Back to Index
90 WOZA activists arrested and released in Tuesday demo
Lance Guma, SW Radio Africa
November 07, 2007
Over 90 activists
from women's pressure group WOZA
and its male wing MOZA were arrested on Tuesday in Harare before
being released the same day in the evening. The group was protesting
over a variety of issues including unaffordable school fees, power
and water shortages and escalating state sponsored violence against
pro-democracy activists. Human rights lawyer Alec Muchadehama confirmed
the arrest of at least 98 activists by lunchtime on the day. The
protesters marched from First Street along Nkwame Nkrumah until
police intercepted them at the corner of Nelson Mandela and Sam
The protesters held up
placards and distributed fliers to motorists and pedestrians in
the city centre. Anti-riot police then converged on the marchers
and ordered them to sit on the pavement outside Standard Chartered
Bank, which is opposite the Anglican Cathedral. Some of the placards
had quotes from Steve Biko, 'You can put out a candle light, but
once the light becomes a blaze it is difficult to extinguish.'
Our correspondent, Simon
Muchemwa, reports that only two protesters a man and a woman were
assaulted for protesting alone after their friends had been arrested.
The male protester was immediately whisked away with 17 others in
a B18 police truck leaving the rest seated. The others who included
WOZA leader, Jenni Williams, walked all the way to Harare Central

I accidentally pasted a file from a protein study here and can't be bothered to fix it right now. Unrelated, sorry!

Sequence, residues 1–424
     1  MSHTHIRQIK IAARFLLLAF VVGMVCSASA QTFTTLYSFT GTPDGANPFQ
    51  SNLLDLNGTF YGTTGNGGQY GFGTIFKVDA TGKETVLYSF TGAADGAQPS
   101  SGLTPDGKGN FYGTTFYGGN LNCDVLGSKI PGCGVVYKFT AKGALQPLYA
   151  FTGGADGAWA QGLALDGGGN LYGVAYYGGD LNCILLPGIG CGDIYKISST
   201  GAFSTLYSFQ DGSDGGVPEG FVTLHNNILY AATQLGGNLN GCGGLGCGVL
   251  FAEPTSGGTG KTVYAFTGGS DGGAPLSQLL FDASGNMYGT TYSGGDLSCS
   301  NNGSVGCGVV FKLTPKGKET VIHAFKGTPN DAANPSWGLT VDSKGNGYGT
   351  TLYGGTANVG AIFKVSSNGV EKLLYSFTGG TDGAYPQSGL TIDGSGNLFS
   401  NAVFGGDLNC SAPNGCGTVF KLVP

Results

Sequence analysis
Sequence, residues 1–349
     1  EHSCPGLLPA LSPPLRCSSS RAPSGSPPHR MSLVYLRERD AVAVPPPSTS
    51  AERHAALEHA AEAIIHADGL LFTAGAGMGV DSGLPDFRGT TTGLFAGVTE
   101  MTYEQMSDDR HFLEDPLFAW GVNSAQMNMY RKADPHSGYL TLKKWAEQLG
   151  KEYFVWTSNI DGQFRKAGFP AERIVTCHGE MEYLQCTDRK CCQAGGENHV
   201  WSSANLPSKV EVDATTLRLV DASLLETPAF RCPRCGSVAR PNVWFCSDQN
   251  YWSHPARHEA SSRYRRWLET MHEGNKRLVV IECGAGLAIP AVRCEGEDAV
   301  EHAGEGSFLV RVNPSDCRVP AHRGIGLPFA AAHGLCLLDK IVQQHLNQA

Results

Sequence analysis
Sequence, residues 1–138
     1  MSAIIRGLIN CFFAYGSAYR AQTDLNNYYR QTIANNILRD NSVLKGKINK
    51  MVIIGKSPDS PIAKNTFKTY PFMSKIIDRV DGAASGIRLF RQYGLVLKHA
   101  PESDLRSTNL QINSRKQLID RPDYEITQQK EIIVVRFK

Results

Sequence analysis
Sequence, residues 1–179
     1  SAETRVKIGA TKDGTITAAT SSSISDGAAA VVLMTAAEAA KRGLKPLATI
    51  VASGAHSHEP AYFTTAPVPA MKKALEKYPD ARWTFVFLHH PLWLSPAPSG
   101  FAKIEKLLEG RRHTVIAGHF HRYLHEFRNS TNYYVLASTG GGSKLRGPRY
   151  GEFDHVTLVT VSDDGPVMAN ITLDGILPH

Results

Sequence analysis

Police station under the watchful eye of the police. By 1400hrs
Aleck Muchadehama, a member of Zimbabwe Lawyers For Human Rights,
was at the station trying to ascertain the condition of the arrested.
In a surprising development
however a Chief superintendent Madzingo (Acting Officer Commanding
CID Law and order) at Harare Central police station ordered the
release of the activists saying they had a right to demonstrate.
Madzingo is said to have angrily reprimanded his officers in front
of the WOZA/MOZA activists branding them overzealous. Muchadehama
also confirmed to Newsreel that Madzingo said the women had genuine
grievances, which merited attention. Madzingo however told WOZA
leader, Jenni Williams, to seek permission from the police the next
time they intended to protest.
lawyer Muchadehama says is the problem. Under the Public
Order and Security Act (POSA) political parties are required
to seek permission from the police whereas WOZA and its MOZA wing
were not a political party. The group has in the past vowed to ignore
repressive laws and demonstrate all the same.
Please credit www.kubatana.net if you make use of material from this website.
This work is licensed under a Creative Commons License unless stated otherwise.